At some point every relationship flairs into brutal and explosive combat. But when a romantic coupling starts off with contention and descends into an insane and violent territorial war, it leaves you wondering, ‘What the hell is wrong with these people?’ Playwright John Patrick Shanley doesn’t pretend to answer this question in his highly allegorical play, Dirty Story, but pulls out all the stops, presenting politics through the trope of relationship. Dirty Story opened Intiman’s summer festival, and Saturday’s midday performance (non-opening night) was staged with thoughtful subtlety, the actors bringing just the right amount of panache to the stage, while infusing Shanley’s characters with enough humanity to pull them from the territory of stereotypical jokes.
Dirty Story follows Brutus (the ultra-talented Shawn Law), an egotistical writer lost in his own self-absorbed world, and Wanda (Carol Roscoe), an admiring graduate student who sends him her manuscript. When Brutus invites Wanda to his Meat District loft, their scholarly bantering builds until Wanda finds herself helpless and desperate at the hands of a diabolical, dominating man. In Act II we meet cowboy Frank (the swaggering Quinn Franzen) and his British sidekick Watson (Broadway veteran Allen Fitzpatrick). Wanda recruits them to help solve her and Brutus’ vitriolic dispute over the apartment they now share, and all interactions devolve into a chaotic fight for territory, both parties convinced that they have rightful ownership over the space.
Under the careful direction of Valerie Curtis-Newton, the characters move around the stage completely unaware of their allegorical states, emulating deep emotional response—nostalgia, joy, lust—without falling into verbal or physical hyperbole. Sure, there are purposefully silly or overdone moments, such as Franzen and Fitzpatrick breaking into a cabaret-style performance of “You Light Up My Life,” but much of the intentional humor is lined with seriously relevant issues. You laugh when Wanda performs a violating, full-body search on Brutus when he asks to use the bathroom (it’s located on her side of the apartment), only to cringe uncomfortably when thinking about real-life equivalents.
Watching Shawn Law spiral from asshole author to abusive maniac, and then the physical embodiment of Palestinian rage is both thrilling and a bit scary. Law seems to bring everything he has to Brutus, executing a completely believable character arc throughout Act I, and captivating an almost empathetic ire in Act II. He often exposes himself through physical action-his voice and tone is calm and soothing, but he’s pacing around the loft, balling his fists or moving things around. Sometimes it’s more subtle-a clench of the jaw or movement of the arm. Roscoe plays the slightly embarrassed and admiring graduate student with wide-eyed, stuttering believability, and after her initial domination by Brutus she explodes into a militant, gun-wielding Jewish defense force. She is fighting back as a result her humiliation, her subjugation at the hands of Brutus. And who provides the guns? The American cowboy, of course. The play was written just a few years after 9/11… you can see where this is going.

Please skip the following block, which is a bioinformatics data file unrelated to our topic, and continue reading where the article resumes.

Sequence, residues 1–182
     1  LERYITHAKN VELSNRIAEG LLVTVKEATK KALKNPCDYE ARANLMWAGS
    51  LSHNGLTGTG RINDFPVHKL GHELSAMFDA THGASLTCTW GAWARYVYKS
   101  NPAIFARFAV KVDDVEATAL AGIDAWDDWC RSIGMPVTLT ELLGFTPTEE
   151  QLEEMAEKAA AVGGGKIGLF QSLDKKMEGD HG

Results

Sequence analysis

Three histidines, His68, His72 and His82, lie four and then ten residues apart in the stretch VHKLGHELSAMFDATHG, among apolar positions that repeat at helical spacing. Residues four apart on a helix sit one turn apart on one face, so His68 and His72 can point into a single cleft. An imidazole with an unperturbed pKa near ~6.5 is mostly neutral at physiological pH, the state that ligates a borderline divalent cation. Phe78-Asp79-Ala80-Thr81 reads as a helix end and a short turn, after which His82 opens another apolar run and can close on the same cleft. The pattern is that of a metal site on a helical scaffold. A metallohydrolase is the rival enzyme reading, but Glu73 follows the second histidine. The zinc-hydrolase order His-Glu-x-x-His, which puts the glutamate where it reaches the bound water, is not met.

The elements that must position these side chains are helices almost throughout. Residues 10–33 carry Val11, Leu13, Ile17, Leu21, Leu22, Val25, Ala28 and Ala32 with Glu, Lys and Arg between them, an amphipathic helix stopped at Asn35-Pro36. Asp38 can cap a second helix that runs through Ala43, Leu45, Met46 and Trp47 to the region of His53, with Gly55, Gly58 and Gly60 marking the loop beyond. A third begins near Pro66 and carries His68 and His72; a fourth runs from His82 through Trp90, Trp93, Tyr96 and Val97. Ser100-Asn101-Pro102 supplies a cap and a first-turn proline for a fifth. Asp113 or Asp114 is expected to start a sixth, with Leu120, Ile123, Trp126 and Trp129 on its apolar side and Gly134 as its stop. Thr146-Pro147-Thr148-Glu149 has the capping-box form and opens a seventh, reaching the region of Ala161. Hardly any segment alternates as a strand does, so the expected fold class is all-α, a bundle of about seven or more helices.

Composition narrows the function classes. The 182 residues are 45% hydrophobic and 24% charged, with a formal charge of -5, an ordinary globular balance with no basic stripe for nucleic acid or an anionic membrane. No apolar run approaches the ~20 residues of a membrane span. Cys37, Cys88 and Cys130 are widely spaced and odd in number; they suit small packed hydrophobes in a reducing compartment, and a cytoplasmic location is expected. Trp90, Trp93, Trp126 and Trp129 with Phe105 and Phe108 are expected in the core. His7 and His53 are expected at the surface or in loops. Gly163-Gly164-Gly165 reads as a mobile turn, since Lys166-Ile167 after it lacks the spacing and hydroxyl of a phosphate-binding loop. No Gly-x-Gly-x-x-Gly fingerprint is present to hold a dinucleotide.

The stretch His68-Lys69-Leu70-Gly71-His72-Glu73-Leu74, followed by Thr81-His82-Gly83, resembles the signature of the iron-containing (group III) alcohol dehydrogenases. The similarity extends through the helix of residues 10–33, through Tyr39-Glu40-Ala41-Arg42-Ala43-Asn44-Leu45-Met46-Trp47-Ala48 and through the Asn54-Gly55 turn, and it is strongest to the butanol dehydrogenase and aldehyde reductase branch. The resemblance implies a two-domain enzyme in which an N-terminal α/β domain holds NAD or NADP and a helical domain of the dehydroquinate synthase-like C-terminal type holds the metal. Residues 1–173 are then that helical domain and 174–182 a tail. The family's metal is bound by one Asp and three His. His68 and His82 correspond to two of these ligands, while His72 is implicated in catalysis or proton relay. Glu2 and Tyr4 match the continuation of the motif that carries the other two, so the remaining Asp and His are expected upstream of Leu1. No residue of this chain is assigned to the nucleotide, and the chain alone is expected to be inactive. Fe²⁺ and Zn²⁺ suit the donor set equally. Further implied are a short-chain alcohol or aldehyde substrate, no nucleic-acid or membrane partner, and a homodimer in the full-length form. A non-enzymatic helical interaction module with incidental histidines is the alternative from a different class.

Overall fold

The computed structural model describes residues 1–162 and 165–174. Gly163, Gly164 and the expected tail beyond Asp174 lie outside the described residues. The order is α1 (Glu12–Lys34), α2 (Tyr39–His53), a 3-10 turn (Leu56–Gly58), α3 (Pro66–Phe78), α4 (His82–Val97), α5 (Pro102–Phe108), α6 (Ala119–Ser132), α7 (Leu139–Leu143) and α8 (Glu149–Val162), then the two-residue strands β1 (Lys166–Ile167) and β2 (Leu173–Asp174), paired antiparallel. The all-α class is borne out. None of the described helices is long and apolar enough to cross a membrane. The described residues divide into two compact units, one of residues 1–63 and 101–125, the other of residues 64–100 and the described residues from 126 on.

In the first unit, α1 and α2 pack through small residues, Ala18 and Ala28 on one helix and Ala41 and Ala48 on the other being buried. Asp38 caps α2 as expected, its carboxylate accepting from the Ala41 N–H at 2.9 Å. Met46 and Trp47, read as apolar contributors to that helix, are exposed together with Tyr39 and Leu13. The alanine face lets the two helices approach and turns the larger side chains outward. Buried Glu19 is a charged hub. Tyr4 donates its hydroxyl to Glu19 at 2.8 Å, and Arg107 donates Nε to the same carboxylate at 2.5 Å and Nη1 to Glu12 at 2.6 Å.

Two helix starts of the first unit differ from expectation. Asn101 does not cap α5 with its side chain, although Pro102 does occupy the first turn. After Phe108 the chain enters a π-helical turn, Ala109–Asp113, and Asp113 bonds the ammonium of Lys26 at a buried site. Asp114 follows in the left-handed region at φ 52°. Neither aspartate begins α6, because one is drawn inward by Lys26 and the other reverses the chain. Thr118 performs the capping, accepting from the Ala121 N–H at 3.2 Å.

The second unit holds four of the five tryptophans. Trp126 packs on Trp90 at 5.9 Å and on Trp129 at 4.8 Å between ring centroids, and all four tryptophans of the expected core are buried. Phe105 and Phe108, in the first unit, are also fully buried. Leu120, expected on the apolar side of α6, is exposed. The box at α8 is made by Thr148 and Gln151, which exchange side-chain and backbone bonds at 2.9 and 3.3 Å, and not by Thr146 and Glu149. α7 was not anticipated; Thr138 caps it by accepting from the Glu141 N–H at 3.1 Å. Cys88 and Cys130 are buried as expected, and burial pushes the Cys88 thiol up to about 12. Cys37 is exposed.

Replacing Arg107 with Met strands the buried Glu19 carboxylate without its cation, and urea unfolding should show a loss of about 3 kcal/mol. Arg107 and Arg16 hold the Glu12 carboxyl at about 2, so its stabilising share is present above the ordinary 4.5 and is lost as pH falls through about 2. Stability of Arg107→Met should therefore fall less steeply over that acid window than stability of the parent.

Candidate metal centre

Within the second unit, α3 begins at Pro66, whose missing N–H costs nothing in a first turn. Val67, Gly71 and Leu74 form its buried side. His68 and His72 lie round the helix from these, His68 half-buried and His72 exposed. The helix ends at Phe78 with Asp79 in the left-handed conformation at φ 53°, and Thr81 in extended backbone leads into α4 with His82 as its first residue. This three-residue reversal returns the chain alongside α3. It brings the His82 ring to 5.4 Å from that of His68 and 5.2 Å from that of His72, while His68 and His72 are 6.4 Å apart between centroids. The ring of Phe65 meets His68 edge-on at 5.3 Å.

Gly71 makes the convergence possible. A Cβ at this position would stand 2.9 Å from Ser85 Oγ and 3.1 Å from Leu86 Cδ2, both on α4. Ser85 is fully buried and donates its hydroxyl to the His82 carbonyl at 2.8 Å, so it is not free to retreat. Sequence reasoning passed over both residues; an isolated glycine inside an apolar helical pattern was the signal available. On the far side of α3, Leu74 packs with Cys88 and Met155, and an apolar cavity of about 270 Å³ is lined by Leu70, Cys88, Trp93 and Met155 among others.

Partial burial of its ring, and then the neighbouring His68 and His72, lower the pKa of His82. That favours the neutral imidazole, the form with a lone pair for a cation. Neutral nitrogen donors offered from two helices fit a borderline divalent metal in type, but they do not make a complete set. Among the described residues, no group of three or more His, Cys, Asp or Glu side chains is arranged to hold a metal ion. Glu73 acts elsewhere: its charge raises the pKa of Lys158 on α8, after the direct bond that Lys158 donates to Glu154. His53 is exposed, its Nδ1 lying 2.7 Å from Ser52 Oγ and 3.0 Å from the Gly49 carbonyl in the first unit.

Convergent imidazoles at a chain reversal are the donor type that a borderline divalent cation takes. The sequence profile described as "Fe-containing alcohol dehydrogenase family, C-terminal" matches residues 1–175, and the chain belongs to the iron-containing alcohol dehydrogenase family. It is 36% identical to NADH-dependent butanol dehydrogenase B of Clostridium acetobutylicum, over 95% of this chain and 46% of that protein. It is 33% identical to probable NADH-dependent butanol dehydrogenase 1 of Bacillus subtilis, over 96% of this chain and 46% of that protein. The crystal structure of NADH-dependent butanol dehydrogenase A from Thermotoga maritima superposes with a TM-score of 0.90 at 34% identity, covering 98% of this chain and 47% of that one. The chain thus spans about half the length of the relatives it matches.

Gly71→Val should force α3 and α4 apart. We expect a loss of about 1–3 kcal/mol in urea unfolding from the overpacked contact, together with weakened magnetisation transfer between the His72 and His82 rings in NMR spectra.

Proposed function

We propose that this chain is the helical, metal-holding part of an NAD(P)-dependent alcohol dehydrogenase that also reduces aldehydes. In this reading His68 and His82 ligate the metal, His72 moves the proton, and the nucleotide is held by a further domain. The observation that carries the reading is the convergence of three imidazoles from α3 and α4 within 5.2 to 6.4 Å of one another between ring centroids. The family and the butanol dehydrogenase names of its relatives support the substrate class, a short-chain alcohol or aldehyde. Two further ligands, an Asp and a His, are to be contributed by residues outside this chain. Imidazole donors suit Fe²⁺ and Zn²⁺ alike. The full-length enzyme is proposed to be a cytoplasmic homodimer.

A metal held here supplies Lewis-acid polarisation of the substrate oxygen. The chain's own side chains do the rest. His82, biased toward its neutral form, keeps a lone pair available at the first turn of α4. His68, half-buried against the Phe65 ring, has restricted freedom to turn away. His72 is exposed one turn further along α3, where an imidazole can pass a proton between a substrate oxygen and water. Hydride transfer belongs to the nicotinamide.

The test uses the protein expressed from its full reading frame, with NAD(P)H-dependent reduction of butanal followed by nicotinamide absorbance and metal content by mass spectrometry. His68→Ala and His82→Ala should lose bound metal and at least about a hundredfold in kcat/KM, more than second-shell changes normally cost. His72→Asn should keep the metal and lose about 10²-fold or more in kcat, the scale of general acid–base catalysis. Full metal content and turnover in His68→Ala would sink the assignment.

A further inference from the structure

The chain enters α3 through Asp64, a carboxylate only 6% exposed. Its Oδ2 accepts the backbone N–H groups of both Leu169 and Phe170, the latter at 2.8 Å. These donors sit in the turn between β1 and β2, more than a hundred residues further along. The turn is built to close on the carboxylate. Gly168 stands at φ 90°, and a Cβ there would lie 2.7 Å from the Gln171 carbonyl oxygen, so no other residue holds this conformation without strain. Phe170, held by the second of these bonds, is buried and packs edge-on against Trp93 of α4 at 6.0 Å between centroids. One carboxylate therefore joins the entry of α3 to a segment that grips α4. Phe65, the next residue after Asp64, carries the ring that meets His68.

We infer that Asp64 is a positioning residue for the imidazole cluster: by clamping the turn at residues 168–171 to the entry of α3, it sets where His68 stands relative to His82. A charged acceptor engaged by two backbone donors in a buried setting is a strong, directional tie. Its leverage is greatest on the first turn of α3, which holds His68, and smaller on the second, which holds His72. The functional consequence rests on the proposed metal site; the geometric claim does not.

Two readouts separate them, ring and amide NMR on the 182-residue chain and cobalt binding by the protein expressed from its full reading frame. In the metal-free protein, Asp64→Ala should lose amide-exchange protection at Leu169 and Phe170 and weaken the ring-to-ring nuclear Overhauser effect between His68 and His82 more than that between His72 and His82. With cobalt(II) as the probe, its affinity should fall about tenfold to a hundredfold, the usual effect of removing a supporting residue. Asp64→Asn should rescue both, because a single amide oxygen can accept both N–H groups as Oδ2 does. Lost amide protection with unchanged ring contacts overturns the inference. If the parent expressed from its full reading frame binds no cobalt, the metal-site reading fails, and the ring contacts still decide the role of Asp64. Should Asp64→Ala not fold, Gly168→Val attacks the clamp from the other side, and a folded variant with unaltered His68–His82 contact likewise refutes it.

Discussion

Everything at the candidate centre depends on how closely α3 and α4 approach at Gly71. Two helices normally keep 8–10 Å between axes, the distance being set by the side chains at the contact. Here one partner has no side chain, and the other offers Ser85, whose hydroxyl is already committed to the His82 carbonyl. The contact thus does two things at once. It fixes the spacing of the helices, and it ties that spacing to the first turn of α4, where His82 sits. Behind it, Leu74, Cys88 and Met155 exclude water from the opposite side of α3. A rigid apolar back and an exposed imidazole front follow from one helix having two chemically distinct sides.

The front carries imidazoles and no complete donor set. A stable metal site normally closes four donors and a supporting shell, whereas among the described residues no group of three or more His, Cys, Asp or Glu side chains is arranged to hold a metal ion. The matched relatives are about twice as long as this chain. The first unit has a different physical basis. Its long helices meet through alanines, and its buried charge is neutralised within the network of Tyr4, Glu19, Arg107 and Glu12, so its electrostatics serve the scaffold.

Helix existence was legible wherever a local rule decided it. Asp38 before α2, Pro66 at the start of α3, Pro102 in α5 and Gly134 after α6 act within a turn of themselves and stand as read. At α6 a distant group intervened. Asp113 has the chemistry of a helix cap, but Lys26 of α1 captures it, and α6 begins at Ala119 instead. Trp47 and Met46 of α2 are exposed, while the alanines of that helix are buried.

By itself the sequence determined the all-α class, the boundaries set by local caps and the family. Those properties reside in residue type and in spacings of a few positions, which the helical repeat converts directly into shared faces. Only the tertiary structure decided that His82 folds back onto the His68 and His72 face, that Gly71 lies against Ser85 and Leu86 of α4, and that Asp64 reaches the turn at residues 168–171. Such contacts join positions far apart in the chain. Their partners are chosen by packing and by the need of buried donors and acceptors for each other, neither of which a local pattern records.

The production is the only one to be staged in Intiman’s studio theatre, a small space where the audience is intimately close to the performers. Jennifer Zeyl works her magic, using a curtain to hide a large NY loft space, first sparsely furnished when only Brutus lives there, then stuffed with ornate decorations and divided with a line of plants once Wanda moves in; a visual demonstration of her fulfilled need to find and inhabit a home of her own after rootless shifting around the city.
Written in 2003, Shanley’s subject matter isn’t as fresh as it was nine years ago—we have become accustomed to news stations constantly hammering us with world politics—however it is no less relevant. Beneath the allegorical storyline lies a deeper issue. This is a play about identity. Who are we really and how did we become that person? Who do we opt to be around others, and what do we qualify as our “real” selves? In a society where we are encouraged to be and do anything we want, choosing an identity can be a terrifying struggle. As with the other issues in the play, Shanley doesn’t push answers or personal opinions on the audience; he just lays it out and lets it ride.
Dirty Story runs through August 25.
Pictured above: Shawn Law as Brutus in Dirty Story. Photo by Chris Bennion.